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An open-air swimming pool in Anderlecht this summer

The swimming pool in construction by the Canal in Anderlecht.  - ©Pool Is Cool

2021.06.29 - On 1 July, the non-profit organisation Pool Is Cool will inaugurate the first season of Flow, a temporary open-air swimming pool by the Canal in Anderlecht.Entry to the pool will be free every afternoon until 31 August, but must be booked up to three days in advance to ensure safer conditions for users. Its dimensions (17 metres long by 7 metres wide) and relatively shallow depth have been designed to offer as many people as possible a chance to enjoy a dip, within the limit of 25 users at a time.

Located near the Pierre Marchant Bridge and Digue du Canal, the pool is easily accessible by metro (by Lines 1 and 5 to Saint Guidon station), bus (Petite Île stop) or bike.

As well as swimming, various cultural activities are on offer– such as Lina Lapelyte’s art installation and performance What happens with a dead fish?during the opening week – which should be extended beyond 31 August if the operation proves a success. The project’s sponsors include the Flemish and Brussels Governments, the Flemish Community Commission, Brussels Environment, Brussels Mobility,, the Port of Brussels, the municipality of Anderlecht and Quartier Biestebroeck asbl.

The non-profit organisation Pool is Cool has been campaigning for several years now to reintroduce open-air public swimming in Brussels. It says on its website that ‘Flow is intended to be a prototype for future bathing sites, proving that open-air swimming is necessary and possible in Brussels. Flow also fulfils a number of social ambitions besides being a public pool, for example by employing young people from Brussels who are keen to contribute to the project.’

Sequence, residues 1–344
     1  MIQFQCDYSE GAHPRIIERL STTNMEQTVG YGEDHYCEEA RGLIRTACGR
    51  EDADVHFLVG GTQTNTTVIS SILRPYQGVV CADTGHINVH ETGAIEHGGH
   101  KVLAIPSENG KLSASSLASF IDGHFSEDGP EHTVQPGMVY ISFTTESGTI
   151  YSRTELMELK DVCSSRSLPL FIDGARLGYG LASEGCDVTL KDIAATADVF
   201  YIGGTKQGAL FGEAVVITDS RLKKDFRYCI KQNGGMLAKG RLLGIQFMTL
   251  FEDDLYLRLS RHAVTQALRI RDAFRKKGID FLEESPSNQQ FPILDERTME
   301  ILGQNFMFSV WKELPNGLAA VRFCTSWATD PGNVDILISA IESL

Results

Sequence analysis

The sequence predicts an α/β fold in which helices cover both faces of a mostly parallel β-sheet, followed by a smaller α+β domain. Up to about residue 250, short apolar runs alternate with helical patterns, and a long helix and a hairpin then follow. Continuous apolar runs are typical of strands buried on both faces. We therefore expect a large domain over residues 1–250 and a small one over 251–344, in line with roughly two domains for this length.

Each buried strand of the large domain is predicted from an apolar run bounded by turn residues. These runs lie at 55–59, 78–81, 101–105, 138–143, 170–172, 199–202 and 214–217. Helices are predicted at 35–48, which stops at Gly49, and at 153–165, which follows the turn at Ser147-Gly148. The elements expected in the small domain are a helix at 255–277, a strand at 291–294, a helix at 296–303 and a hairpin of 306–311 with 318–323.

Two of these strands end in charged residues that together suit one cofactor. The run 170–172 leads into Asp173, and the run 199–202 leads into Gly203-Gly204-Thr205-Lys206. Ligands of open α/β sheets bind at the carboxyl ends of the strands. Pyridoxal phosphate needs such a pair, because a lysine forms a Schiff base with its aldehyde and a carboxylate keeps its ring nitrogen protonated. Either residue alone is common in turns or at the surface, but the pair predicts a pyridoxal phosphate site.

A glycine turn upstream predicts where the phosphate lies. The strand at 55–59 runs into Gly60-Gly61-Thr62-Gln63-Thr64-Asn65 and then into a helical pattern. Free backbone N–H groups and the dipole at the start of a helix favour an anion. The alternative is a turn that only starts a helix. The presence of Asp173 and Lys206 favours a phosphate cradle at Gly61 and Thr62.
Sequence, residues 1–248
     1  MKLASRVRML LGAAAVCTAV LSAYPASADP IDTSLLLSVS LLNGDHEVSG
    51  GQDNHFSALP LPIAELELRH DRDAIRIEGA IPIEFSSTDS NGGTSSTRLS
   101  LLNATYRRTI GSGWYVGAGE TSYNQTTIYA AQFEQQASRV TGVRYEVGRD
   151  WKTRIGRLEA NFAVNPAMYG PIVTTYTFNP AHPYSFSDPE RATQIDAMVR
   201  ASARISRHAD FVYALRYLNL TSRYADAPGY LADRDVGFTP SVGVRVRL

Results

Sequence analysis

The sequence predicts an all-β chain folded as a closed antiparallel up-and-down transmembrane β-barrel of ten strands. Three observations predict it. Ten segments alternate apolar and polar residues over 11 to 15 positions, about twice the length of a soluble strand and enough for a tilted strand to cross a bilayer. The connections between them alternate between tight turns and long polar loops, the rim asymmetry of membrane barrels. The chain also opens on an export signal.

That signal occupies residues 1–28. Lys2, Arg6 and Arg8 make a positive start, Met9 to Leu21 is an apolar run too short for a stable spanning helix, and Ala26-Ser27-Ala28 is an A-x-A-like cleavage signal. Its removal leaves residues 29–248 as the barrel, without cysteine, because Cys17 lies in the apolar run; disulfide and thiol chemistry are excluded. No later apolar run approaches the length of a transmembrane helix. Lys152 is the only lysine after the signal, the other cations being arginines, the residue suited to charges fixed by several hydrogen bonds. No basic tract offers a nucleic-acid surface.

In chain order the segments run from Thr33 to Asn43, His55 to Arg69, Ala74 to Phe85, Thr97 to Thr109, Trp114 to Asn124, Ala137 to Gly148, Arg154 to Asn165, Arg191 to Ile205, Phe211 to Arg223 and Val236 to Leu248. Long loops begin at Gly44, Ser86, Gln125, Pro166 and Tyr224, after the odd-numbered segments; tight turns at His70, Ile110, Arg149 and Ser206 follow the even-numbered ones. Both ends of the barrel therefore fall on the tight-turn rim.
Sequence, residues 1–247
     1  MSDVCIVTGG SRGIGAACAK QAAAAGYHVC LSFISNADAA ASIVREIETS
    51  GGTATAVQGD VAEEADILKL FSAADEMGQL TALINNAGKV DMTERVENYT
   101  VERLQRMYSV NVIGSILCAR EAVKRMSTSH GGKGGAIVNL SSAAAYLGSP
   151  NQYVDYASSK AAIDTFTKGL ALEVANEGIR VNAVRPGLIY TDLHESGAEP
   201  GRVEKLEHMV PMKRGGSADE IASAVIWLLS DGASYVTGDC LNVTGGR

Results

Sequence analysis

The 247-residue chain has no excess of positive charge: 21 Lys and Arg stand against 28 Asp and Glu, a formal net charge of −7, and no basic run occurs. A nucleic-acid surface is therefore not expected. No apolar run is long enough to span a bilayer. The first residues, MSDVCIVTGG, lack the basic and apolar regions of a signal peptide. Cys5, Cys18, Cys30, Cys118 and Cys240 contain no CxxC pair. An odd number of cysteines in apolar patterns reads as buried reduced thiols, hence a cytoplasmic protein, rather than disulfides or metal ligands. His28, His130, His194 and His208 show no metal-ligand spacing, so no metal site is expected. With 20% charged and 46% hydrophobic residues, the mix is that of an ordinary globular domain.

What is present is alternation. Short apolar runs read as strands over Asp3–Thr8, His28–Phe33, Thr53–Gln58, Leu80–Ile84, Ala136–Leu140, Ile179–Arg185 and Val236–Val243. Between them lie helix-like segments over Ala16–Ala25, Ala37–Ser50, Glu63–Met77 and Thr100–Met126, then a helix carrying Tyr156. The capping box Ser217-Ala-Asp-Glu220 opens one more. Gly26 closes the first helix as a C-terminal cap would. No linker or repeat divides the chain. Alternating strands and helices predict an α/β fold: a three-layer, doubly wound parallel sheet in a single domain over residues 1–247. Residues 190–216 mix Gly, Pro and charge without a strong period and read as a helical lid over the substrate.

The project additionally reflects a desire to make effective use of public space and strengthen social ties among local residents.

Rudi Vervoort, Minister-President of the Brussels-Capital Region, describes himself as ‘delighted that a temporary open-air swimming pool is among the many events that will take place this summer in Brussels and reinvigorate our Region after the long months of lockdown. This project is all the more important to me as it will take place in a fast-changing area of great social diversity.’

Benjamin Dalle, Flemish Minister for Brussels, Media and Youth, points out that ‘Shared public space gives oxygen to the people of Brussels. The importance of this project is huge: not only does it provide a high-quality and safe sports facility, but it also explicitly focuses on connecting with the neighbourhood and the residents.’

Pascal Smet, Brussels Secretary of State for Urban Development among other areas of responsibility and Member of the Board of the Flemish Community Commission (VGC) responsible for Youth and Sport, states: ‘We want to put this district on the map and give local residents and the Region’s population the chance to relax, socialise, have fun and enjoy their holidays. (...) This summer, the site will offer more than just the pleasure of swimming. It will be a key attraction for people in our city taking a staycation.’